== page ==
The problem with these "isms" (and Mormonism is a term, not a thing; we are actually members of the Church of Jesus Christ of Latter Day Saints, not Mormons, hence, no real Mormonism), as I was saying, the problem with these isms is that they are like witchcraft. I've heard people try to defend "white" witchcraft in saying that because it's white, it's not evil, therefore it's ok. But it's not ok, it worships the creation and not the Creator.
Same thing with these isms. They take you to a place where you get so hyped up on the ego of what you have discovered, and so focused on what it is you are discovering, you take God out of the equation. Suddenly you are relying soley on yourself as a conduit to some mystical source of nothingness; that thing without body, passion, or love that we all know as nonexistant.
For instance, God is so magnificant that He has done things in such a mathmatical order, with reason to it, that some have discovered this have named it "numberology" (sp?). But their problem is that they are so focused on their excitement over the discovery and fascination in the balance of numbers and the connection they have discovered with numbers, math, our world timeline, and all sorts of things, that they seem to think that numbers are a god in and of itself. They think that the whole world's mysteries are wrapped up in numbers. They are short sighted. They don't realize that numbers and math, and the order and beauty in the design used, is but a small part of all God has and does and uses. They are so focused on the numbers that they don't see the designer, the way witches don't see the Creator.
The same thing can happen when one gets caught up in mysticism or spiritualism. They become so focused on these types of isms, and fascinated with what you've termed as these mysteries, that they can't pull back any longer and see God, nor all else that He has to offer. Suddenly it becomes just them, there fellow observers and the ism. Like a cult following. And with people already misinterpreting us as it is, we don't need adding fuel to their flames.
As I said, I don't think you meant things in this vain, but I think you walk a fine line in using words like these. I think finding a new word to describe what it is you are trying to get across as your point might be a good idea.
Mysticism, spiritualism, familiar spirits; these are all places we don't want to visit. They belong to those who read taro cards, palms and crystal balls.
The words Mysteries of God and Mystery, those are good words, but mysticism is a whole different matter.
Just my point of view for what it's worth.

Anonymous said...

Brooksidecourt said...

Well someone is trying to separate the Flesh from the the Bones of Mormon-ISM - because MORMONISM IS THE BIRTH CHILD OF GNOSTICISM and of Freemasonry- John Dee Enoch-ISM and Magick-ISM - Emanuel Swendenborb- ISM and all of that POINTS to

Call it what you Want -
It is Not a Rose- by any Name
Know your Roots- Tree - Trunk

David Littlefield said...


Thanks for the input. I think we will just see this differently. But I might direct you to an earlier post comment that let's you know some others see this in the same light as I do.

Temple Study - Mysticism


Like I said, you need to repent, and stop fighting against the kingdom. I am not the judge, but otherwise, I fear one day you will awake in hell.


Anonymous said...

Like I said, you need to repent, and stop fighting against the kingdom. I am not the judge, but otherwise, I fear one day you will awake in hell.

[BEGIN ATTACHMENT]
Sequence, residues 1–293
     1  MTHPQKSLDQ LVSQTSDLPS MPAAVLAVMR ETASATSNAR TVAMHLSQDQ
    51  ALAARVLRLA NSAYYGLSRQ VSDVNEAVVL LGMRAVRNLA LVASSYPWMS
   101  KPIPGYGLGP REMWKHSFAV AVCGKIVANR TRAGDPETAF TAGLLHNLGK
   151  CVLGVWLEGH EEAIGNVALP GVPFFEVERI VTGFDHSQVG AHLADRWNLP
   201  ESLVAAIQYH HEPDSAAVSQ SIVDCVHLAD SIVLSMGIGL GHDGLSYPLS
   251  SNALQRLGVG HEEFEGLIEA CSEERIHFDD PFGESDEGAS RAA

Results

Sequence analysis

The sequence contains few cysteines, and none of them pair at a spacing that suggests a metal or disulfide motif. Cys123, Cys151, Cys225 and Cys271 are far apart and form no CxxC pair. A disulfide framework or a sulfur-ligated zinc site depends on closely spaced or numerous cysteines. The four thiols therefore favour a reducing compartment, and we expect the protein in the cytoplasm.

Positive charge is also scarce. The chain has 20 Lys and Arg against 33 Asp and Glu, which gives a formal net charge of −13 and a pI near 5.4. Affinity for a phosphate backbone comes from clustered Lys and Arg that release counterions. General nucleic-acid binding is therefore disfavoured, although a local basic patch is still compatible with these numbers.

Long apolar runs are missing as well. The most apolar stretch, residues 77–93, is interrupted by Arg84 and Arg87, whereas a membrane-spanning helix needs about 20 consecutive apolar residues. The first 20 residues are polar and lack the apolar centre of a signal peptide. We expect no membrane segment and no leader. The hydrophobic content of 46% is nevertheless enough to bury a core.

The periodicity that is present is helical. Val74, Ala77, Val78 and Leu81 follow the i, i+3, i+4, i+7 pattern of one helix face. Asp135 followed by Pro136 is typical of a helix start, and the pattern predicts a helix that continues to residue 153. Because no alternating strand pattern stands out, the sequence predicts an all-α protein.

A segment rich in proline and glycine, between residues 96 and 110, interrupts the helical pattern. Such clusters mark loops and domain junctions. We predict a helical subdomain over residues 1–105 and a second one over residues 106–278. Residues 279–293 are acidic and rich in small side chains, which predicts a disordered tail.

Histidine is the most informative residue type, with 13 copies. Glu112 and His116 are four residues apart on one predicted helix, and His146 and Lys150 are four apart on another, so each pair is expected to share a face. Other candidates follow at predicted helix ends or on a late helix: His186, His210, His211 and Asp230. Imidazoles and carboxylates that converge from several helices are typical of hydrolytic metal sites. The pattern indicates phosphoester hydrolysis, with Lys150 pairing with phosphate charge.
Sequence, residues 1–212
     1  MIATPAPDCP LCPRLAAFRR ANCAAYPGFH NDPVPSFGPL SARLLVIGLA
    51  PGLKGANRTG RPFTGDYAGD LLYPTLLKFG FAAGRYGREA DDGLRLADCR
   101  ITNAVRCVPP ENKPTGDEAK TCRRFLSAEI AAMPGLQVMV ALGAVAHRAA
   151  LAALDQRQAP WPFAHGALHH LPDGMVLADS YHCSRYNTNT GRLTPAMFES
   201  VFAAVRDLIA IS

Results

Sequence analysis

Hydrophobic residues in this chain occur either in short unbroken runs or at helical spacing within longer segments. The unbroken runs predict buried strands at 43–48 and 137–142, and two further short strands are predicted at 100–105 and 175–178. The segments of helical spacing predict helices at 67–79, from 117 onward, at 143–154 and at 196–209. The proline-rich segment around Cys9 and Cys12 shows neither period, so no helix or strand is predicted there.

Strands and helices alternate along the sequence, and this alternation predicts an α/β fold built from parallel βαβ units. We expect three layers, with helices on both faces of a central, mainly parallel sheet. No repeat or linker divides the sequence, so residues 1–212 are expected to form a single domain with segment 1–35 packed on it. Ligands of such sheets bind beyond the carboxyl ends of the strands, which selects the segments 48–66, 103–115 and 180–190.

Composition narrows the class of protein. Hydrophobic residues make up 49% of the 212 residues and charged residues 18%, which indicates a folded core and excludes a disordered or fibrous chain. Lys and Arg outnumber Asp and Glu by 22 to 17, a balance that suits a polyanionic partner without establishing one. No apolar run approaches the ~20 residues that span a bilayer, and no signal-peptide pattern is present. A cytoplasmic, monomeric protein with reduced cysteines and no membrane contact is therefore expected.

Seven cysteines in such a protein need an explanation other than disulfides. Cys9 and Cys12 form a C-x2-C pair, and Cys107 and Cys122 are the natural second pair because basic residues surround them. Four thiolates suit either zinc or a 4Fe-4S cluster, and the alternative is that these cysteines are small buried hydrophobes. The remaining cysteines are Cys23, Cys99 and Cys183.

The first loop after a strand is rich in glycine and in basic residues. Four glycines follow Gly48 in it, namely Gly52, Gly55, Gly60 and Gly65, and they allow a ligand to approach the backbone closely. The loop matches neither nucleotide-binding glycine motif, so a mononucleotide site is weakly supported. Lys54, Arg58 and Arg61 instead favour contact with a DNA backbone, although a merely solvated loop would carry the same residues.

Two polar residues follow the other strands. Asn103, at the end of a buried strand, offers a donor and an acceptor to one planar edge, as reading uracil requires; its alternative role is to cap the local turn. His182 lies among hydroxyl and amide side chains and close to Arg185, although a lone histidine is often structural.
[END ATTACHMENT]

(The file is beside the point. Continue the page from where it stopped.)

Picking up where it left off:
I have not Lied about Mormon Things or Joseph Smith History - Correct Me if I make a Mis-deed - but it is lazy to reply that "you are going to hell"-

a Few Facts
1 Joseph Smith was a Freemason- And freemasonry is in Question.
2 Mormon Doctrine and Practice Change
3 Mormon Temple Doctrine and Practice Change
4 Mormons Keep secrets and are Pretending to be the "TRUE TRADITIONAL" christians- When in truth Mormons are More like Gnostic children of Freemasonry and did and do Freemason things in Mormon Temples.
5 Mormons Now deny Polygamy as being a thing of the Past a "little" practice of a few- now Not Doctrinal?

ON AND ON.................
I fight for the Truth as I see It -

Here is a Nice little quote that gets to the Heart of the Matter-

"I look forward to seeing the mysteries become less mysterious."

Anonymous said...

David, After finishing Amazing Grace earlier this week, I jumped right in to Mormon Mysticism and finished it today. Fasting and prayer this week have given me a voracious appetite for the Word. I am going to read them both again more slowly. I feel guilty taking this short cut to understanding some things that you obviously have spent time to understand. I have a greater pressure and need to follow Jesus Christ and to repent of my sins to bridge my painful separation from God, and I am pregnant with need to share my new found enthusiasm with my family. Thank you! I am glad you enjoyed the video link on dimensions.

David Littlefield said...


Thank you for the kind words.

I am glad that my books could help a little in your spiritual journey, and it sounds like right now that journey is in high gear. I pray the Lord’s blessing upon you as you go through this season.

I wrote Mormon Mysticism as the book I wish someone would have given me ten years earlier. You are perceptive seeing it as a shortcut, and I meant it as a shortcut for those who are ready to traverse that ground.

Please stop in often.


IRamat2 said...

Hi David,

Thank you for your Blog. I am not Mormon, but a long-time friend of mine who is a member of the LDS blew up at me recntly about the concept of mysticism and Mormonism. Now I see by your definition that mysticism is more realted to an action or an object rather than a person (who would be a mystic...I do not know what ordinances are). In your blog you mention that there are other definitions of Mormon Mysticism than the main one you give. Could you let me/us know what some of those other definitions of mystic within the LDS are?

Thank you!


David Littlefield said...

Ordinances are sometimes called rites. You are likely familiar with the ordinance of Baptism. Baptism is first, then followed by a number of ordinances, and associated covenants. This is whey we have temples.